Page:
You're not going to get a public confession from the HR departments, but what little US entry-level programmer recruiting exists occurs quietly on college campuses. Just check monster and the other job boards.

Where do you think they should look for entry level people?

Very few people in their 40s are willing to accept entry level jobs. They often need or at least expect much more than entry level salaries. It wouldn't make much sense to try to recruit them for positions they aren't willing to accept anyway.
Mark Herschberg
Sheriff

Joined: Dec 04, 2000
Posts: 6037
Originally posted by Mike Gershman:

You're not going to get a public confession from the HR departments, but what little US entry-level programmer recruiting exists occurs quietly on college campuses. Just check monster and the other job boards.


With all due respect Mike, I repeat, I've never seen any concrete evidence of this, just people making vague accusations and some annecdotal evidence. You claim is typical. I've checked monster and other job boards. I don't see it.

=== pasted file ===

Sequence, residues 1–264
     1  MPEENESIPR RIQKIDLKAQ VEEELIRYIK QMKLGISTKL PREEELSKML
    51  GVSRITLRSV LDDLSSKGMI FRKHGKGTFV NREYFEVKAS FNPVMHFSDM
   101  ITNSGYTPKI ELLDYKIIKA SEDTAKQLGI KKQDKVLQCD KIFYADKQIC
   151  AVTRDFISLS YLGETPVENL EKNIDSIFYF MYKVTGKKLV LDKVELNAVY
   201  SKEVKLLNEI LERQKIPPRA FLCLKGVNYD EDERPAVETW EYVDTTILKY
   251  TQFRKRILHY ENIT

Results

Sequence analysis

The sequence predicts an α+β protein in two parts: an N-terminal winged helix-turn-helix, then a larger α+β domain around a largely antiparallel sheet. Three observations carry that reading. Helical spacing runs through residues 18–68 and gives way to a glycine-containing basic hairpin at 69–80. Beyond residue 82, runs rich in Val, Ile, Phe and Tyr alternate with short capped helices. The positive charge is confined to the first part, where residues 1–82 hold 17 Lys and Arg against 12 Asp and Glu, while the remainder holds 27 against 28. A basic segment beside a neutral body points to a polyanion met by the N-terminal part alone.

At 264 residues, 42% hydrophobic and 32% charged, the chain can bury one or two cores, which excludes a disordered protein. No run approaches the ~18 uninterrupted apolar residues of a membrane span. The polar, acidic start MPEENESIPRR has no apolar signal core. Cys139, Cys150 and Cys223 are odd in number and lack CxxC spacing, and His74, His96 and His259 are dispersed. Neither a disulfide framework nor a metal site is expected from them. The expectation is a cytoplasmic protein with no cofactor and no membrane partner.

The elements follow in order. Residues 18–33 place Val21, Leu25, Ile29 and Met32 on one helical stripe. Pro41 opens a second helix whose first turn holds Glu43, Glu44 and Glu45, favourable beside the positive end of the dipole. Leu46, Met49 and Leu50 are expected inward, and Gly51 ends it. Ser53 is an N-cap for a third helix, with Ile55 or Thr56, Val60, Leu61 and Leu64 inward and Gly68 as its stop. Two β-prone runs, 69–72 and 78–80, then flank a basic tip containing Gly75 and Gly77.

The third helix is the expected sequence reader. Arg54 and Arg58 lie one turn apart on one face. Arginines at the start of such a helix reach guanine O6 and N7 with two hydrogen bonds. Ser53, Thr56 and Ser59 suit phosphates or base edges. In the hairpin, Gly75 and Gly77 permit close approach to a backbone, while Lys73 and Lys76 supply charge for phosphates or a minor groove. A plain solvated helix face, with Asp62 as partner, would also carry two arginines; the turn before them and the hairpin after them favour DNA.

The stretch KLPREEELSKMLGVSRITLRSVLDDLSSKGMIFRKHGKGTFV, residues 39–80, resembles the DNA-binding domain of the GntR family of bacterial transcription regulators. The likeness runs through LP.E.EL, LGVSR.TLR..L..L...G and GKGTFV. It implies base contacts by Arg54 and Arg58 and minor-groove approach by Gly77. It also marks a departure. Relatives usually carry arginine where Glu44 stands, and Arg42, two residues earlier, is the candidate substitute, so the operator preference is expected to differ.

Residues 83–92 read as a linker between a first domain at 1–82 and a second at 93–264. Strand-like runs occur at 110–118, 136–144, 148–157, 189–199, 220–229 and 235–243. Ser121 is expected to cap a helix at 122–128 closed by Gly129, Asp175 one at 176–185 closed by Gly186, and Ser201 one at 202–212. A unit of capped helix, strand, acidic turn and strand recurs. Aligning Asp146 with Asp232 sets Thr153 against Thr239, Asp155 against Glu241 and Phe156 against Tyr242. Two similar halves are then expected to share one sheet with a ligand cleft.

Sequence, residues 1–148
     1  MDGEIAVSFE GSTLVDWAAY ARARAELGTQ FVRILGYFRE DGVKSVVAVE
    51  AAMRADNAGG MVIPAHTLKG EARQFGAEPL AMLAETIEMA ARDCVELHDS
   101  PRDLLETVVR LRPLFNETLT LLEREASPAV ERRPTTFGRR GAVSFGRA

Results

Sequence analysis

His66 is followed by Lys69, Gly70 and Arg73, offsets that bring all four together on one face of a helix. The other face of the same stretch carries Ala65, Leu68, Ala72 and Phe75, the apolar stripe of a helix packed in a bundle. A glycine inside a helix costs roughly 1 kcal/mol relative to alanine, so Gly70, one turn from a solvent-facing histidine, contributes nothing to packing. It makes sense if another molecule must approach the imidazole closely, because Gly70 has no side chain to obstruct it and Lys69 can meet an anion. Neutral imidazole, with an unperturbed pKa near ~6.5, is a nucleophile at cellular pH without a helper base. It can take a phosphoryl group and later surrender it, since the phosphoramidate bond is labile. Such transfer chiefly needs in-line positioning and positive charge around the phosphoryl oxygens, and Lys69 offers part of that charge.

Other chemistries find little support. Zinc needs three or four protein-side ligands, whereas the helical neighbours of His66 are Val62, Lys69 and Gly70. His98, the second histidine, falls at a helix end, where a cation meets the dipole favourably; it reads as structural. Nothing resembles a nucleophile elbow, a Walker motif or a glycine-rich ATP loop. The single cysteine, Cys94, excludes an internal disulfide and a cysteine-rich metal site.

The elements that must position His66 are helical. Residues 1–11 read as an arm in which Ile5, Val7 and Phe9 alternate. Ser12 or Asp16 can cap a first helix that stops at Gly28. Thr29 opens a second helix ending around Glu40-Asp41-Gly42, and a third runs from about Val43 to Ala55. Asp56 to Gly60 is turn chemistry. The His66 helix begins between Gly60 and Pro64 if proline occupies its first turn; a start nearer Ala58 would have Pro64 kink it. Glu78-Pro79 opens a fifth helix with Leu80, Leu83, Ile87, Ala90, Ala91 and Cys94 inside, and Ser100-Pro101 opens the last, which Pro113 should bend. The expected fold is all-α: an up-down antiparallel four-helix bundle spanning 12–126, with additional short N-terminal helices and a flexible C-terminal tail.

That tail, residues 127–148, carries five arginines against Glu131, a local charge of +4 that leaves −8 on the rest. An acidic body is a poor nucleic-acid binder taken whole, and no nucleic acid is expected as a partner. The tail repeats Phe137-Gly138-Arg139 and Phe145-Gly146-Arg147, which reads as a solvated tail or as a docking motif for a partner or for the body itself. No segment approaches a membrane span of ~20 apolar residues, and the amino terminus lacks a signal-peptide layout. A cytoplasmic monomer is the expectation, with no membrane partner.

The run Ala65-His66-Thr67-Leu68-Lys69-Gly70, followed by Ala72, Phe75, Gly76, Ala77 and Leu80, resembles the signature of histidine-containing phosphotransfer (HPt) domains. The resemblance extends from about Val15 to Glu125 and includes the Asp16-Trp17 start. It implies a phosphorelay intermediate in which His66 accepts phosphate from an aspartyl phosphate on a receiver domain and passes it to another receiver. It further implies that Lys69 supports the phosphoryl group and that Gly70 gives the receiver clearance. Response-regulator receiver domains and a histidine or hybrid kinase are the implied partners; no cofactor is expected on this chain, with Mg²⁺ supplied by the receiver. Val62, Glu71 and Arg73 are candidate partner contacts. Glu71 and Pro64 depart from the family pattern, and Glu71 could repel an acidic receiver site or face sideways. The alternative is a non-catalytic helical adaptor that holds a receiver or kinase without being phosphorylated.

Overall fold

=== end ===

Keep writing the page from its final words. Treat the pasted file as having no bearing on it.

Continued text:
Can you demonstrate to me that the relative unemploment of 40-50 year olds compared to 25-35 year olds in software negatively contrasted to other fields? Perhaps this discrimination is recent, and you can show as a trend an increase in unemployment among older programmers in recent years. Maybe you can compare US software unemployment rates by age against other nations to show this fact. I'm open to any of these lines of proof or others you may suggest, until then, I remain unconvinced of a large pattern of discrimintation.

--Mark
Homer Phillips
Ranch Hand

Joined: May 26, 2004
Posts: 311
Can you demonstrate to me that the relative unemploment of 40-50 year olds compared to 25-35 year olds in software negatively contrasted to other fields?


It's been on this board so many times that it's very hard to see your behaviour as nice, fair or even objective.

The source - http://www.ieeeusa.org/careers/employment/langbein.pdf

The finding - In general, these patterns are consistent with the next finding: older respondents report significantly more weeks of unemployment than younger respondent.

Specifically, for each additional year of age, unemployment goes up by 2 weeks (p<=.007).


Demanding that the findings be compared to another field fails a morals test. Because one can't demonstrate it versus another field simply does not make age discrimination moral or proper. Well everybody does it is about as low a moral justification as one can grasp.
Mike Gershman
Ranch Hand

Joined: Mar 13, 2004
Posts: 1272
Well, Mark, I hope you never have to gather first hand evidence.

If you actually look at the monster postings for "entry java", you'll see that the great majority either ask for industry experience or talk about recent graduates.